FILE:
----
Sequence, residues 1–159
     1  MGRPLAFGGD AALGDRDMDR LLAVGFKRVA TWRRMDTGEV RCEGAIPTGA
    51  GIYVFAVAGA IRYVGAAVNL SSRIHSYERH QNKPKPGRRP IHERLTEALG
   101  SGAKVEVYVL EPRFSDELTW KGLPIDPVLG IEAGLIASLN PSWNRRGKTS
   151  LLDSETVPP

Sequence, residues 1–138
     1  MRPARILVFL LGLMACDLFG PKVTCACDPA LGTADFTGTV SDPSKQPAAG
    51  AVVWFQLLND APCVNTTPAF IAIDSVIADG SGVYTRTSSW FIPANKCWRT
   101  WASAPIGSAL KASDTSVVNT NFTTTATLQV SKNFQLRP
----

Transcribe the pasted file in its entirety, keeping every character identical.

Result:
Sequence, residues 1–159
     1  MGRPLAFGGD AALGDRDMDR LLAVGFKRVA TWRRMDTGEV RCEGAIPTGA
    51  GIYVFAVAGA IRYVGAAVNL SSRIHSYERH QNKPKPGRRP IHERLTEALG
   101  SGAKVEVYVL EPRFSDELTW KGLPIDPVLG IEAGLIASLN PSWNRRGKTS
   151  LLDSETVPP

Sequence, residues 1–138
     1  MRPARILVFL LGLMACDLFG PKVTCACDPA LGTADFTGTV SDPSKQPAAG
    51  AVVWFQLLND APCVNTTPAF IAIDSVIADG SGVYTRTSSW FIPANKCWRT
   101  WASAPIGSAL KASDTSVVNT NFTTTATLQV SKNFQLRP